Existence faded from view. So did he.


Reynolds awoke the next morning with the worst hangover he ever had, although, that wasn’t his primary shock. He awoke in the Gamma Epsilon Chi house in his own bed. A banging sound came from the door. His head stung at the reverberation.

“What!” He yelled.

A burly young man with short-cropped blond hair entered. “Hey, Tobe. How are ya! We was worried sick, man. Franky and Alex found you passed out in front of the campus library. How much did you have last night, dude?”

“Too friggin’ much, Arnie.” Reynolds replied.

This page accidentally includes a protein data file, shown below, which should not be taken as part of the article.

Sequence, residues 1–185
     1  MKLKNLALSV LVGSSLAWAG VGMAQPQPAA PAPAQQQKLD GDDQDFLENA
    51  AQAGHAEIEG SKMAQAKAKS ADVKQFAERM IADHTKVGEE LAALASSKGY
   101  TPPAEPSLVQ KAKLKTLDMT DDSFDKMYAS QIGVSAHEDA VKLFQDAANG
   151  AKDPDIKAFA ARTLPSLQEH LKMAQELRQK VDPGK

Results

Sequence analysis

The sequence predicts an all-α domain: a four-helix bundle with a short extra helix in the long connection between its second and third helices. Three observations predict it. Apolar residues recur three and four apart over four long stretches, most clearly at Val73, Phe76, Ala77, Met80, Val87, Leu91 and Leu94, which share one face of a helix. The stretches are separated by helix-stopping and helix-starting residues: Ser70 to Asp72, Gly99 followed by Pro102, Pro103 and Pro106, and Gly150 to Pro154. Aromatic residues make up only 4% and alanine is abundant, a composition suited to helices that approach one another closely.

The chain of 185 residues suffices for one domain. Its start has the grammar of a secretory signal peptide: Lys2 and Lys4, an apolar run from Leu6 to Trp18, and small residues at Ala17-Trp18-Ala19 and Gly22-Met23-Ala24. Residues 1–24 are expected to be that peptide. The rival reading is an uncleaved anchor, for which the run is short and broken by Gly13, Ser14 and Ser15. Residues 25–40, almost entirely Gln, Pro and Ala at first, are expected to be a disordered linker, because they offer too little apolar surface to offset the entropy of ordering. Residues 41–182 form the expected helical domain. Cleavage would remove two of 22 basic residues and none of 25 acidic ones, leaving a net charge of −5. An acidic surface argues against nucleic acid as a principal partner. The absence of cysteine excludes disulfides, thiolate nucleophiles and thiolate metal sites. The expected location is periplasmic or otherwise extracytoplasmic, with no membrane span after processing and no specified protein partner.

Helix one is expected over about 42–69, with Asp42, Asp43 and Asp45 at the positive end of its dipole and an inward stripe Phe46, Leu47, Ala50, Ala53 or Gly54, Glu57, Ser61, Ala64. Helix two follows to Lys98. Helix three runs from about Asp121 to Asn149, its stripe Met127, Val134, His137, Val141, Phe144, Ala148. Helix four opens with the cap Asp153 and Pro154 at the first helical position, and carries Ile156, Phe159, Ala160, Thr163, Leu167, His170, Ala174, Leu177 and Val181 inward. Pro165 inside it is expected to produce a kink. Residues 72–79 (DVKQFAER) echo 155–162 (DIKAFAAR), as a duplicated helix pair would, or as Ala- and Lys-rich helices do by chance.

“Whoah! You mean to say that you–the Tobe–got hammered?” The blond frat boy said in shock.

“Not hammered, dude. Drunk. Really, really . . . drunk.” He corrected.

“You don’t mean . . . pink elephants drunk, do ya?” Arnie asked with worry.

“Pink elephants,” Reynolds repeated, stuffing his head into his pillow. “And dwarves, and elves, and fairies, and centaurs, and two-headed bartenders, and pink drinks, and . . .”

His voice trailed.

“Dude, you need to lighten up on the keg.” Arnie advised before backing out slowly.

Toby Reynolds didn’t hear him. He didn’t hear anything accept the trumpet call of Etheron’s Spirit parading through his skull.

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Tuesday, December 9th, 2008 Prose No Comments